The night before he was killed, a Grandview teenager slept in his mother's room, on her floor.
Earlier, the 16-year-old had returned home late after spending an evening with his girlfriend. He saw his mother crying, apologized for worrying her and told her he loved her. And then, without announcing it, he lay down on the floor near her, to comfort by proximity.
The next day, Tyson White was shot in the back about 5 feet from his front door at the Arbors of Grandview apartment complex, the family said. The bullet pierced his heart.
Now his mother, Talisha White, can't sleep.
"Sometimes when I try to go to sleep, I wake up and I think I'm hearing his voice," White said Thursday, adding she hears him say, "Mama, I love you."
Tyson attended the Hickman Mills School District, where he played football. White said her son was a versatile athlete who played multiple positions. She attended all of the sophomore's games.
In September, Tyson was hired at an Arby's in Grandview.
"He was like, 'Mama, I'm going to get us a car,' " White said.
Grandview police and detectives from other agencies are investigating the shooting in the residential neighborhood.
Someone in a car with tinted windows confronted Tyson in the driveway, rolled down a window and fired a single shot at him, a neighbor said. The neighbor ran to help Tyson, but it was clear the teen was mortally wounded, he said.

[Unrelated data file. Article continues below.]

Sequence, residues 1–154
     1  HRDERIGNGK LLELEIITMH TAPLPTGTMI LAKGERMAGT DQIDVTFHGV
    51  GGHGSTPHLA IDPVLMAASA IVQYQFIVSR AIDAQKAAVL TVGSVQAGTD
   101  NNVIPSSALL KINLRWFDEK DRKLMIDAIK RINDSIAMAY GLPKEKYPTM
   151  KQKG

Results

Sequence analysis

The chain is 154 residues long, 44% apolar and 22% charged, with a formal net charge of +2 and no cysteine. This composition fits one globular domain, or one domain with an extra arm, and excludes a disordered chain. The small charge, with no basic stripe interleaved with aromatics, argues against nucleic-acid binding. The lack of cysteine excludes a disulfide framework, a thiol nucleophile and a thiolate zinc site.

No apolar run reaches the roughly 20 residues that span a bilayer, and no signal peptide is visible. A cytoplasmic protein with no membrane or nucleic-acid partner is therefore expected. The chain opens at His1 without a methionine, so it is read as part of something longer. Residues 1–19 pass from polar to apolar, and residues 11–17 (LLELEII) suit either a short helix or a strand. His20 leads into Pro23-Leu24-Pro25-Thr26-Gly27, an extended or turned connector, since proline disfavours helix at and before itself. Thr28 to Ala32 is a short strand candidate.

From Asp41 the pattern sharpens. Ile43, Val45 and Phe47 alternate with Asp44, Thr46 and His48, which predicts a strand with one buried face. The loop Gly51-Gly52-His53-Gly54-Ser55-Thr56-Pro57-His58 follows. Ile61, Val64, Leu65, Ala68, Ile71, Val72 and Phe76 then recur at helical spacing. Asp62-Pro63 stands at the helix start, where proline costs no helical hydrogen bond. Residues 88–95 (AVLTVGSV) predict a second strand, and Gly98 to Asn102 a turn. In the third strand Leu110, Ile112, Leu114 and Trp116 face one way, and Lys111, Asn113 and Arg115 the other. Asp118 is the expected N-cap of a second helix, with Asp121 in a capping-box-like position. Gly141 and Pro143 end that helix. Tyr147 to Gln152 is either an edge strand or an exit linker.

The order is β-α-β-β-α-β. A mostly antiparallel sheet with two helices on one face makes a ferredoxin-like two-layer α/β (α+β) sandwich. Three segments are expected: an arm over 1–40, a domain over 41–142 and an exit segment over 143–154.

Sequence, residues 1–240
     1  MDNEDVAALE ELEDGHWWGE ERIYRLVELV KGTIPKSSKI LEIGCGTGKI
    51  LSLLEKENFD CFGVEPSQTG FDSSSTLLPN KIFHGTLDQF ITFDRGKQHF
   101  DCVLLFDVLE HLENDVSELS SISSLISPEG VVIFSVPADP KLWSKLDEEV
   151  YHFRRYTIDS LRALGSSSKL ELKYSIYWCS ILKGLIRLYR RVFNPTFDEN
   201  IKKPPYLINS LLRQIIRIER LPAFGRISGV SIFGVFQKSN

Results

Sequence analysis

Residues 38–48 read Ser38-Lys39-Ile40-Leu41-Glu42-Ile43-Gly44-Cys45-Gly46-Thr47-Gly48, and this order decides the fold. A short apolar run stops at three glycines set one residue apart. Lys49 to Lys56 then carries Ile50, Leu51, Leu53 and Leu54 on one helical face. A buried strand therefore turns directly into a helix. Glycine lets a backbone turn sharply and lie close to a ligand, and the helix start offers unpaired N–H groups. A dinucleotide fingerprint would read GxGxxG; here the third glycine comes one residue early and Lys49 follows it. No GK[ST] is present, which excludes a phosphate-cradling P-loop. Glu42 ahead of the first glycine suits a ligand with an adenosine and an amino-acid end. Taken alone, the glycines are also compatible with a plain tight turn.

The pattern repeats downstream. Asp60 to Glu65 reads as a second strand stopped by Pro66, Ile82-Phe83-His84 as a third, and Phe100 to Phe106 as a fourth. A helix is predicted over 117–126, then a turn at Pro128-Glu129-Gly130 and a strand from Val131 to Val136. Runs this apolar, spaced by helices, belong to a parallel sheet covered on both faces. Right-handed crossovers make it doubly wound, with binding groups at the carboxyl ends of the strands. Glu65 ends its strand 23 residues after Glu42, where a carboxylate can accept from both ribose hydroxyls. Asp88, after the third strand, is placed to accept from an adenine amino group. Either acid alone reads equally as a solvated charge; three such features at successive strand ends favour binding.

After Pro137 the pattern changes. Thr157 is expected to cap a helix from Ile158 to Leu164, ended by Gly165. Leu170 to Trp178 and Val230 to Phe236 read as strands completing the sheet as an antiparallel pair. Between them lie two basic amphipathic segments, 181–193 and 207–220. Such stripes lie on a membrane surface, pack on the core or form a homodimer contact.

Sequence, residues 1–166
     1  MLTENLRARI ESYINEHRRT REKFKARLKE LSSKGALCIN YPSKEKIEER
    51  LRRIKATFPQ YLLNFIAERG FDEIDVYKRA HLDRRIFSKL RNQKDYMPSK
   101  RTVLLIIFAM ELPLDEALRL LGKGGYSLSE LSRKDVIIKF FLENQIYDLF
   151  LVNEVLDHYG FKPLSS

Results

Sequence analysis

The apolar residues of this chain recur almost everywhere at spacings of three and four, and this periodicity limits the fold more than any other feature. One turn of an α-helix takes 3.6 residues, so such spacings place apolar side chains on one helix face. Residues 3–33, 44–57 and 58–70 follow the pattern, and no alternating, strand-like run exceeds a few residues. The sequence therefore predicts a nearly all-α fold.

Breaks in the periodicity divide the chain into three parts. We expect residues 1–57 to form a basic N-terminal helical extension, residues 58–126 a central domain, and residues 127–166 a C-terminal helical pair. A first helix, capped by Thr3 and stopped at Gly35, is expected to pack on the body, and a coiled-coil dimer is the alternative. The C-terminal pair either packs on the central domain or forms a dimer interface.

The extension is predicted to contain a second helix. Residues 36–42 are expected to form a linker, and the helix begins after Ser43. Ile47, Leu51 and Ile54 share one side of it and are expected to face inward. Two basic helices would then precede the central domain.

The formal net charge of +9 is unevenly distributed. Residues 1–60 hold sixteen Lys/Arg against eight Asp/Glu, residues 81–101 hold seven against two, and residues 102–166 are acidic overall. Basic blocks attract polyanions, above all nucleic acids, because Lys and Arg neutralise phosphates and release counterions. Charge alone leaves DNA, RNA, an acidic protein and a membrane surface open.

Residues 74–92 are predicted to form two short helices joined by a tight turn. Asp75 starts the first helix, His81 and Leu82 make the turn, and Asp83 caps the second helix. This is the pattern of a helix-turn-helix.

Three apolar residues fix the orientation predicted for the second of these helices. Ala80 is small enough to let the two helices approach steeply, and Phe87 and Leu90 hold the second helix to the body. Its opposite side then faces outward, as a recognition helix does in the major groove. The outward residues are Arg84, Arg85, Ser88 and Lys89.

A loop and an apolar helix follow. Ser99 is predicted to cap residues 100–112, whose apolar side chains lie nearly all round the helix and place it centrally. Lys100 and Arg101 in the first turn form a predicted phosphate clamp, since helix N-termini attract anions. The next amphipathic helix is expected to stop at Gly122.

Residents in the apartment complex say the buildings are equipped with security cameras, and they hoped video might help bring justice for Tyson's family.
April White, Tyson's aunt, is devastated.
When she heard the news, she said, "I felt like I had died."
Tameisha White, another aunt, said her nephew was like a younger brother.
"He was just a loveable kid," she said. "He taught me how to throw my first football."
And she recalled how Tyson would joke around with her children, always making them laugh.
The family is planning to release balloons Saturday in memory of Tyson, outside his apartment where he died.
Initially, Nashville-based Freeman Webb Co., which manages the Arbors complex, told the Whites they couldn't hold the memorial at the complex, saying large crowds were not allowed on the grounds.
The family was distraught Thursday as they mulled holding the memorial elsewhere, but a property manager told The Star that the family's request had since been approved.
"It's meaningful because he lost his life there," said April White.
Talisha White plans to visit a tattoo parlor before the balloon release. She'll have her son's face inked onto her right arm, the same one where his name already is imprinted.
"He's in heaven now," she said.